While much of that fund­ing goes to aca­d­e­m­ic re­search, the NIH pro­vides bil­lions of dol­lars an­nu­al­ly for small life sci­ence re­search firms, who are at the fore­front of de­vel­op­ing sci­en­tif­ic ini­tia­tives in­to prod­ucts and ser­vices that will help solve some of our most press­ing health prob­lems.

In fact, it was such non-di­lu­tive gov­ern­ment fund­ing that en­abled the phar­ma­ceu­ti­cal firms to quick­ly de­vel­op the Covid-19 vac­cines, based on the use of mR­NA tech­nol­o­gy to en­able the de­vel­op­ment of an­ti­bod­ies to the virus. That tech­nol­o­gy has been around for years, based on re­search con­duct­ed by small and start­up biotech firms and labs stretch­ing back decades.

An­oth­er les­son learned from Covid-19: Lis­ten to the sci­ence. The vac­cines are the re­sult of years of re­search and ex­ten­sive col­lab­o­ra­tion be­tween sci­en­tists all over the world, and that col­lab­o­ra­tion suc­ceed­ed. If that ap­proach was able to bring a so­lu­tion to one of the biggest prob­lems we’ve faced in mod­ern times, it can help solve many oth­er prob­lems, too — and there is no doubt that the new ad­min­is­tra­tion will ap­ply that Covid-in­duced les­son to oth­er prob­lems, too.

Ram May-Ron is a man­ag­ing part­ner at Free­Mind.

2023 Spot­light on the Fu­ture of Drug De­vel­op­ment for Small and Mid-Sized Biotechs

In the context of today’s global economic environment, there is an increasing need to work smarter, faster and leaner across all facets of the life sciences industry.  This is particularly true for small and mid-sized biotech companies, many of which are facing declining valuations and competing for increasingly limited funding to propel their science forward.  It is important to recognize that within this framework, many of these smaller companies already find themselves resource-challenged to design and manage clinical studies themselves because they don’t have large teams or in-house experts in navigating the various aspects of the drug development journey. This can be particularly challenging for the most complex and difficult to treat diseases where no previous pathway exists and patients are urgently awaiting breakthroughs.

Dipal Doshi, Entrada Therapeutics CEO

Ver­tex just found the next big ‘trans­for­ma­tive’ thing for the pipeline — at a biotech just down the street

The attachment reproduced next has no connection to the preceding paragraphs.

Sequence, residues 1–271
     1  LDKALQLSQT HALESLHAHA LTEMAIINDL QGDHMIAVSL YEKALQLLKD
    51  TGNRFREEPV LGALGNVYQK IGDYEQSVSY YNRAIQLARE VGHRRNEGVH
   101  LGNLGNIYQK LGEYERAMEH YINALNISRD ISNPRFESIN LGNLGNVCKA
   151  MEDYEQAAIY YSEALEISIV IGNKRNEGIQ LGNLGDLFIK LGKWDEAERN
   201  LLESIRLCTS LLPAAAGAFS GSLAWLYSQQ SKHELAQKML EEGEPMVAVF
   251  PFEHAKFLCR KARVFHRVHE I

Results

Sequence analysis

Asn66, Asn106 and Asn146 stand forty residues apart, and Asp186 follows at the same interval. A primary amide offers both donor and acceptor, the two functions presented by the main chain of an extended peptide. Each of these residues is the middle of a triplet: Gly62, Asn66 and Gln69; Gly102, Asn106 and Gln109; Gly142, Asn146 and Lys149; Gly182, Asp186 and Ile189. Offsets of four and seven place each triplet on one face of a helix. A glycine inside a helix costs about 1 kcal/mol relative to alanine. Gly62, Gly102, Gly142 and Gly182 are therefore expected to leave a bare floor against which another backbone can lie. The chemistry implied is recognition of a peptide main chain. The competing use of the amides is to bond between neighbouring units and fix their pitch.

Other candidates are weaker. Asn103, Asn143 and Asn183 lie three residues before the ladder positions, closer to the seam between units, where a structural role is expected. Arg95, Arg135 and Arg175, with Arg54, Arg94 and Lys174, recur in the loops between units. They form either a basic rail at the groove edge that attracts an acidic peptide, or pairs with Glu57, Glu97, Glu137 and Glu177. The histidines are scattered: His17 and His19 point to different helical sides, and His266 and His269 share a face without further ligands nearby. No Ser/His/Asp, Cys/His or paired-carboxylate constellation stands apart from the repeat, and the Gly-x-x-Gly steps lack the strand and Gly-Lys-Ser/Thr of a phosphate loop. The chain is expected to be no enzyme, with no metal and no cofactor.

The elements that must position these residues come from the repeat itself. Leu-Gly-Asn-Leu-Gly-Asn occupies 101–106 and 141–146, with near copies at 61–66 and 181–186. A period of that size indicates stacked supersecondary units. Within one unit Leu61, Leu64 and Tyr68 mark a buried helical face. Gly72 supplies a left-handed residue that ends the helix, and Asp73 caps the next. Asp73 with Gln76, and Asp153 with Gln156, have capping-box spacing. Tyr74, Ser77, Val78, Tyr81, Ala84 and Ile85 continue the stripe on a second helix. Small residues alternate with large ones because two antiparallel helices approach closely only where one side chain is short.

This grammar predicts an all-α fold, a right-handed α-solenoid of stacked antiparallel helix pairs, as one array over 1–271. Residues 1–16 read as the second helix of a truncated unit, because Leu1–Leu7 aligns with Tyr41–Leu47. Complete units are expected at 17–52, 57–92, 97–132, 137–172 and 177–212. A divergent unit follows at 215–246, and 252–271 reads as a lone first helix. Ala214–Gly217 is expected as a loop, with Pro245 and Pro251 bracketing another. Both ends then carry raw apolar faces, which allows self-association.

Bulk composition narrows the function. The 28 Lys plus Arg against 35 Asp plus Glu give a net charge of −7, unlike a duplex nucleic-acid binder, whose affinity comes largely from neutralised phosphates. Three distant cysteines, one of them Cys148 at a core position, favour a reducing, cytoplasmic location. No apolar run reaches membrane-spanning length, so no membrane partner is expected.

Back in the summer of 2019, when I was covering Vertex’s executive chairman Jeff Leiden’s plans for the pipeline, I picked up on a distinct focus on myotonic dystrophy Type I, or DM1 — one of what Leiden called “two diseases (with DMD) we’re interested in and we continue to look for those assets.”

Today, Leiden’s successor at the helm of Vertex, CEO Reshma Kewalramani, is plunking down $250 million in cash to go the extra mile on DM1. The lion’s share of that is for the upfront, with a small reserve for equity in a deal that lines Vertex up with a neighbor in Seaport that has been rather quietly going at both of Vertex’s early disease targets with preclinical assets.

Endpoints Premium

Premium subscription required

Unlock this article along with other benefits by subscribing to one of our paid plans.

WIB22: Am­ber Salz­man had few op­tions when her son was di­ag­nosed with a rare ge­net­ic dis­ease. So she cre­at­ed a bet­ter one

This profile is part of Endpoints News’ 2022 special report about Women in Biopharma R&D. You can read the full report here.

Amber Salzman’s life changed on a cold, damp day in Paris over tiny plastic cups of lukewarm tea.

She was meeting with Patrick Aubourg, a French neurologist studying adrenoleukodystrophy, or ALD, a rare genetic condition that causes rapid neurological decline in young boys. It’s a sinister disease that often leads to disability or death within just a few years. Salzman’s nephew was diagnosed at just 6 or 7 years old, and died at the age of 12.

Endpoints News

Keep reading Endpoints with a free subscription

Unlock this story instantly and join 154,300+ biopharma pros reading Endpoints daily — and it's free.

Ahead of ad­comm, FDA rais­es un­cer­tain­ties on ben­e­fit-risk pro­file of Cy­to­ki­net­ic­s' po­ten­tial heart drug